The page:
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DSL graduates to worldwide testing standards

DSL graduates to worldwide testing standards – Internet/Web/Online Service Information

Michelle Donegan

New specifications for DSL interoperability aim to unlock the mass market by boosting service providers’ confidence.

The DSL Forum of Fremont, California, in answer to strong requests from service provider members, is developing specifications and standard procedures to test the interoperability of digital subscriber line equipment.

The procedures, which will be accessible from officially recognized, independent, but commercial, test centers in Europe and the United States, should enable more detailed interoperability testing, much of which is now carried out at the University of New Hampshire or in vendors’ and operators’ own laboratories (see box).

Interop cost and time burdens

Operators have said they do not want the cost and time burdens of doing interoperability testing themselves, and have pushed for standard procedures to relieve them of some testing requirements and increase their confidence in test results.

“There is a need to create confidence among operators for deploying [digital subscriber line services],” said Frank Van der Putten, director of standardization in Alcatel’s DSL access business unit, based in Belgium. “Operators have said that it is too expensive to test DSLAMs and CPEs in their own labs.”

Much progress has already been made with DSL interoperability. At the Supercomm trade show in Atlanta earlier this month, the DSL Forum demonstrated interoperability among add/drop multiplexers (DSLAMs) and customer premises equipment (CPE) from about 40 different vendors.

But operators still say network performance suffers when they implement equipment from different manufacturers, even though technically it can work together.

“There is still a bit of ‘proprietary-ness’ in the industry: you still get different performance when they work together,” said Nigel Billington, principal engineer at BT Exact Technologies, formerly known as BT Laboratories, based in Ipswich, England.

Operators want interoperability tests to include network performance criteria–currently their biggest concern in terms of network operations.

“From a service provider’s point of view we need the industry to be in a position to understand what real interoperability means,” said Billington. “Vendors may have their own test plans, but service providers are concerned with reach performance and the ability to carry certain types of traffic.”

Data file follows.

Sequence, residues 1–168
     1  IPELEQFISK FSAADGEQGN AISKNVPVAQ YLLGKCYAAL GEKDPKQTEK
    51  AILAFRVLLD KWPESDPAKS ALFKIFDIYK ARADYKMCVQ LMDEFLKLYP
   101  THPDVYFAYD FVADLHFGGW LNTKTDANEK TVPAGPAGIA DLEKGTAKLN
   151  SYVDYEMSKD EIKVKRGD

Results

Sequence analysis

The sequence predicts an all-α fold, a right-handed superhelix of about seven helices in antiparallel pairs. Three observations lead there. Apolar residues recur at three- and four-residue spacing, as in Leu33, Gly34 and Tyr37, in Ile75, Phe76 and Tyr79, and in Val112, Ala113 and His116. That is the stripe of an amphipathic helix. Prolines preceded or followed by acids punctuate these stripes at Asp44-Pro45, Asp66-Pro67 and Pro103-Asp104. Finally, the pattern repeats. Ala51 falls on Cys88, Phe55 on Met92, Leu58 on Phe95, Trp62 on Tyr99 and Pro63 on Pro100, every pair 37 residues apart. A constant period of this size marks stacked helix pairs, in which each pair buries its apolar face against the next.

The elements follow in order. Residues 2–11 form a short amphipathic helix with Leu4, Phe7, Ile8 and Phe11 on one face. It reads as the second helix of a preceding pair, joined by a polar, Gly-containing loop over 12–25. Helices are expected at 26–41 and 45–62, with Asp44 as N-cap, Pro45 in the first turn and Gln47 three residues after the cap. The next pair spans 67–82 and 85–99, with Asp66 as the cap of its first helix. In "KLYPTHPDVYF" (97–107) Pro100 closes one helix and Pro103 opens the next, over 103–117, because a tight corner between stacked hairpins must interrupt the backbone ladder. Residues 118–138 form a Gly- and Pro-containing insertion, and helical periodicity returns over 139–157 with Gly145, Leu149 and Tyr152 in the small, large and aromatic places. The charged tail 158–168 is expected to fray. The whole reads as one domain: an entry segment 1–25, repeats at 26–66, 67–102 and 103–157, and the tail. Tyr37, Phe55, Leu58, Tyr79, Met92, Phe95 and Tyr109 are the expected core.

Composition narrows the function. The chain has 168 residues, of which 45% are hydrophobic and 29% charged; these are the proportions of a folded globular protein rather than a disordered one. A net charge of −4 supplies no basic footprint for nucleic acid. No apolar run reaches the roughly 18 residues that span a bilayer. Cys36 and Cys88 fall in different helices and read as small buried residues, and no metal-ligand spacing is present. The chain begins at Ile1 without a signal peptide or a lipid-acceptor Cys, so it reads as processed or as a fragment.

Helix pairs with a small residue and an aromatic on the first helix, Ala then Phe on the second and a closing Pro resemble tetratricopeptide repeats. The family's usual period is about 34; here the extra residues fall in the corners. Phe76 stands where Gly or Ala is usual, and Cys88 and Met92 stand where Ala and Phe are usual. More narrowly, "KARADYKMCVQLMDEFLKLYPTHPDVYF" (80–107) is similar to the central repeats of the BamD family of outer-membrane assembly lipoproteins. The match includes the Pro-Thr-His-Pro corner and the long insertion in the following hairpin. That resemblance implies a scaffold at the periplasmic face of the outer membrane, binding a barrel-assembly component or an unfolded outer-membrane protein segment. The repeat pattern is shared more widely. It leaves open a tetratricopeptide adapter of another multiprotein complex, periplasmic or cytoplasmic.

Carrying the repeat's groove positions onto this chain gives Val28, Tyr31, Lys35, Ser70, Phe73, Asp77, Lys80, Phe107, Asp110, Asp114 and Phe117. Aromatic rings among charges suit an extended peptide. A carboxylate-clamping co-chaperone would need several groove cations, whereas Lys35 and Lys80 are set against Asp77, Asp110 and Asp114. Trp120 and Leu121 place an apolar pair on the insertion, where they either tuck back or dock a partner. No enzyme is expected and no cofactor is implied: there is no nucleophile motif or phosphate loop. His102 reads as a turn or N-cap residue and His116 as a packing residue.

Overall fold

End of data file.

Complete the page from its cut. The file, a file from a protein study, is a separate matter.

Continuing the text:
Operators now require detailed testing to be confident in DSL deployments. “Detailed testing is a step beyond interoperability,” said Alcatel’s Van der Putten. “If CPEs, for example, are not adequately tested, then operators have to deal with more calls in their call centers. They want the confidence that the boxes will work, but they don’t want to test them themselves.”

Looking at the nuts and bolts

Getting into detailed testing means examining everything that can happen in the loop plant, according to Van der Putten, including the effect of short and long loops, as well as loops with radio interference or impulse noise.

Billington, at BT, said the Forum is discussing whether to keep nonattributable statistics to tack how the industry is achieving the new interoperability specifications. “The Forum is building on the DSL standards with performance specifications,” he added.

Meanwhile, the Forum’s independent test lab program will continue its goal of achieving a mass market for DSL. “Interoperability is one of the biggest keys to unlocking the mass market, and facilitating a mass market is what we’re trying to do,” said Mark Peden, chair of the Forum’s G8 working group, responsible for the independent test lab program, and vice president for technology marketing at Simpler Networks Inc., of Saint-Laurent, Quebec, Canada.

Sometimes university isn’t the best place to learn: commercial centers open

At its next meeting in Oslo this week [18 June], the DSL Forum will complete its interoperability test plans and the standard template for reporting test results. It will also begin reviewing the nominated test houses for formal “recognition”.

“Service providers are going to feel more comfortable with certain test houses and test results,” said Mark Peden, chair of the DSL Forum’s G8 working group.

Currently, most basic interoperability testing is carried out at the University of New Hampshire (UNH). The DSL Forum’s plan will create a standard, formalized procedure that can be accessed from many more test houses in several new markets.

Even though the DSL Forum will “recognize” certain test labs, they will still operate on a commercial basis. “One of the biggest problems of the labs will be getting the DSLAMs,” said Steve Kingdom, international DSL and telecoms sales and marketing manager at KTL, a telecoms test laboratory and wholly owned subsidiary of Kingston communications, based in Hull, England. “They will rely on a lot of equipment donations from vendors because DSLAMs are expensive. But the labs that will be the most successful will be the ones with the most DSLAMs,” he said.

Test houses that have nominated themselves to date include ATG NAIL (Santa Rosa, California), CETECOM CT Services (Saarbrucken, Germany), Henderson communications Laboratories (Moreno Valley, California), KTL (Hull, England), Laboratoire Europeen ADSL (LEA) (Rennes, France), Lucent Technologies (Murray Hill, New Jersey), Telia ProSoft AB (Haninge, Sweden) and TUV Rheinland of North America, Inc. (cologne).

“Interoperability testing is all done out of UNH, but they’re not very commercially aware,” said KTL’s Kingdom. “There are six-to-nine-month wait times, and you can only book in two-week slots. So, there are advantages in going through a commercial lab,” he claimed.

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